Exorcising the ghost after five years

It was celebration time. Lap of honour, group photographs, media interviews and much more.

RAKESH RAO

The victorious Indian team which won the women's Asia Cup tournament. — Pic. V. SUDERSHAN-

FOR Surajlata Waikhon, the captain of the Indian women's hockey team, the ghost of the 1999 Asia Cup final was threatening to haunt her. On that occasion, India led Korea by a goal till the dying minutes at the National Stadium but conceded the equaliser to eventually lose by a `golden' goal.

In the 2004 Asia Cup final, India enjoyed a one-goal lead against Japan at the same venue. With less than a minute remaining, Japan forced two penalty corners. In fact the last one was taken after the hooter. But this time, there was no equaliser. As a result, India won its maiden Asia Cup title and with it, earned a place for the 2006 World Cup.

It was celebration time. Lap of honour, group photographs, media interviews and much more. The players deserved every moment of it.

Surajlata said her joy could not be expressed in words. But it was writ large on her face. "I can't tell you how happy I am,'' said Surajlata and continued, "last time we had let it slip but I am so delighted that this time we hung on to our lead. Winning the 2002 Commonwealth title was also memorable but the way we lost all our matches in the 2002 Asian Games was very disappointing. Not getting a place even in the Olympic qualifiers was another setback. But for now, we are all very happy. We avenged those defeats to Korea and Japan and did not let China win. Now we should work to perform creditably in the World Cup.''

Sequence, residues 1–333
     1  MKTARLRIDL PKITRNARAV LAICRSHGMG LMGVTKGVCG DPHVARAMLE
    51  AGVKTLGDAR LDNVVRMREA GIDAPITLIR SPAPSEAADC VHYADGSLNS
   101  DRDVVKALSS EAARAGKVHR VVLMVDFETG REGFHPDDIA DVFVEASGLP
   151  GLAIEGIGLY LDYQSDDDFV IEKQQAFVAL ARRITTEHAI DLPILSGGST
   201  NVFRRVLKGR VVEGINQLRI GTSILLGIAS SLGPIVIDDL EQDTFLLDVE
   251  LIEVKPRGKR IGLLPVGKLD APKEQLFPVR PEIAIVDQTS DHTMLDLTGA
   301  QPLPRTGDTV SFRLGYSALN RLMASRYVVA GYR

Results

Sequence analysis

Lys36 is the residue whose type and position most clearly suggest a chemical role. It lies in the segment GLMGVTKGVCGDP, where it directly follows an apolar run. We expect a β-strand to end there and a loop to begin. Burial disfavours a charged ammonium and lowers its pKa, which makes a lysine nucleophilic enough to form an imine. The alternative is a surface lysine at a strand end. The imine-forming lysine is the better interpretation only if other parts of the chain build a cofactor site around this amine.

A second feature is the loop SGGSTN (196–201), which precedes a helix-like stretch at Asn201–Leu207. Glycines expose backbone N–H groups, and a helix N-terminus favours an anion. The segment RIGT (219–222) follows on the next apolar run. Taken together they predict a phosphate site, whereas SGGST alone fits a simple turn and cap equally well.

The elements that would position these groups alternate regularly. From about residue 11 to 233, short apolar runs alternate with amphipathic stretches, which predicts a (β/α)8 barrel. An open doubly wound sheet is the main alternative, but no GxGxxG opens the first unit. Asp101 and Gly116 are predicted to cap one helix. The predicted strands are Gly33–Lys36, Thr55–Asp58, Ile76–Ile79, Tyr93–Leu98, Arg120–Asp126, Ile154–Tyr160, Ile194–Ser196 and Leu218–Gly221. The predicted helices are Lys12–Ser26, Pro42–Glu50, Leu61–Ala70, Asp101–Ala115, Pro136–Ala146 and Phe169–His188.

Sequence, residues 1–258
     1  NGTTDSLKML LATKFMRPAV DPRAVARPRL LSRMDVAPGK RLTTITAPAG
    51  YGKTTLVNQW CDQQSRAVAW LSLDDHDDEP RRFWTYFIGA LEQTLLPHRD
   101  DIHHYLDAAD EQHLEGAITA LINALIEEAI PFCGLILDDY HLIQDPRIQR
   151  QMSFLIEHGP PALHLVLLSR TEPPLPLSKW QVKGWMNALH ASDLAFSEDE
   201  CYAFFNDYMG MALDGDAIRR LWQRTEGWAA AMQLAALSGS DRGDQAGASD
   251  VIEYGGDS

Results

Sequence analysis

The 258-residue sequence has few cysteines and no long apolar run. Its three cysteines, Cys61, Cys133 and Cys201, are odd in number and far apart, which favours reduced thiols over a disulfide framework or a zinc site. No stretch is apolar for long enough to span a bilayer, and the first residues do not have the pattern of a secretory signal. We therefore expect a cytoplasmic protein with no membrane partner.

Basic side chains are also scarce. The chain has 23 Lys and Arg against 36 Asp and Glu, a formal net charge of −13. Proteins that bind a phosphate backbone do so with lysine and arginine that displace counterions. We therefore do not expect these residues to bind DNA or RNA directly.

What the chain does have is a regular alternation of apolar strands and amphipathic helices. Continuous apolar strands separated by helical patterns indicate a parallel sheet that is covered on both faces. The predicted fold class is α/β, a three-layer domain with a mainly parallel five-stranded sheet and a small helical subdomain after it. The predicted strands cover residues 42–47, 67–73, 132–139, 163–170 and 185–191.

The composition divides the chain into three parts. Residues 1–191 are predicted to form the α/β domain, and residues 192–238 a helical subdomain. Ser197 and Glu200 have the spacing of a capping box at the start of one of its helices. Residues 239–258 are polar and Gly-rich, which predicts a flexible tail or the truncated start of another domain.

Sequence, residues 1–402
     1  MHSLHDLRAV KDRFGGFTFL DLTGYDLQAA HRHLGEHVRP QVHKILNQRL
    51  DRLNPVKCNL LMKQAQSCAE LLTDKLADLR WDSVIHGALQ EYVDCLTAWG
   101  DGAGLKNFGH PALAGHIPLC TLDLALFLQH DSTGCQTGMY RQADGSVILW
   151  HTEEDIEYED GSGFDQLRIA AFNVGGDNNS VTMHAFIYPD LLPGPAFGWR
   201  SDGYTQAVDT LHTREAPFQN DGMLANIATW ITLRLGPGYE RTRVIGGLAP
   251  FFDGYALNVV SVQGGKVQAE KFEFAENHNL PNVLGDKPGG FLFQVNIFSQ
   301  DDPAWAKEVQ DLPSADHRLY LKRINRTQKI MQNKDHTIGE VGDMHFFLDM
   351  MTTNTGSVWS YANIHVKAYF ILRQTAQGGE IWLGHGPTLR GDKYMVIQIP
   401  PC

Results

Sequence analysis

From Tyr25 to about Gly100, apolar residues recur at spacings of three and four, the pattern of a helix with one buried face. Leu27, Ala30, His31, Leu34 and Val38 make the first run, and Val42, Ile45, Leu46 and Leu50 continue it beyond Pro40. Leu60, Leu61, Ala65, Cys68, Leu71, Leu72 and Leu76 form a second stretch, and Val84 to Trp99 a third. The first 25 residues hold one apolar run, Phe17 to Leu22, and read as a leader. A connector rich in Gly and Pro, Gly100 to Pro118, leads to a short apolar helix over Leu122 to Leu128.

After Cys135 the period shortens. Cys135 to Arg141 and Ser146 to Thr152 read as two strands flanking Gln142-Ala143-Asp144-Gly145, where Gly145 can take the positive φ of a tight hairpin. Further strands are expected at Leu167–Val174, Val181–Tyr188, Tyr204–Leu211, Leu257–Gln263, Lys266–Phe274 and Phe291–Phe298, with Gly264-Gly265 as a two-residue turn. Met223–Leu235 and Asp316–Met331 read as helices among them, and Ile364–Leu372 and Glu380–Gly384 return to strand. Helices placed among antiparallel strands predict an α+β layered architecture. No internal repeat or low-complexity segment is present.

Initially backed by none and eventually hailed by all, the Indian girls went through varied emotions during their campaign. The absence of experienced players like Tingongleima Chanu, Sita Gosain, Pritam Siwach and Manjinder Kaur obviously affected the team. Jyoti Kullu and Mamta Kharab were returning from injury-forced lay-offs and were far from their best.

Jasjeet Kaur scoring India's match-winner beating the hapless Japanese defenders, Kato Akemi (left) and Miura Keiko during the final. -- Pic. V. SUDERSHAN-

In such a scenario, the team did not inspire much confidence. But looking better with every result, India stopped at nothing and raced away with the gold. What made the Indian triumph possible was some fine work under the bar from Helen Mary. Defenders Suman Bala, Sumrai Tete, Subhadra Pradhan came good when it mattered. In the midfield, Surajlata was the pick, while forwards Saba Anjum, Shanggai Chanu, Adline Kerketa, Jyoti and Jasjeet Kaur were good in patches. However, Suman Bala's penalty corner conversion left much to be desir<147,1,7>ed. Before the eight-team competition began, Asian Games winner and Champions Trophy finalist China was seen as the team to beat. But once the players' lists were ready, it became clear that China and Korea had not sent their best players. Korea's Kang Na Young was the only surviving member of the team that thrashed India 5-0 in the Asian Games. Though China had the services of nine players who were part of the squad that played the Champions Trophy final against Australia in December 2003, the leading members of the team were not around.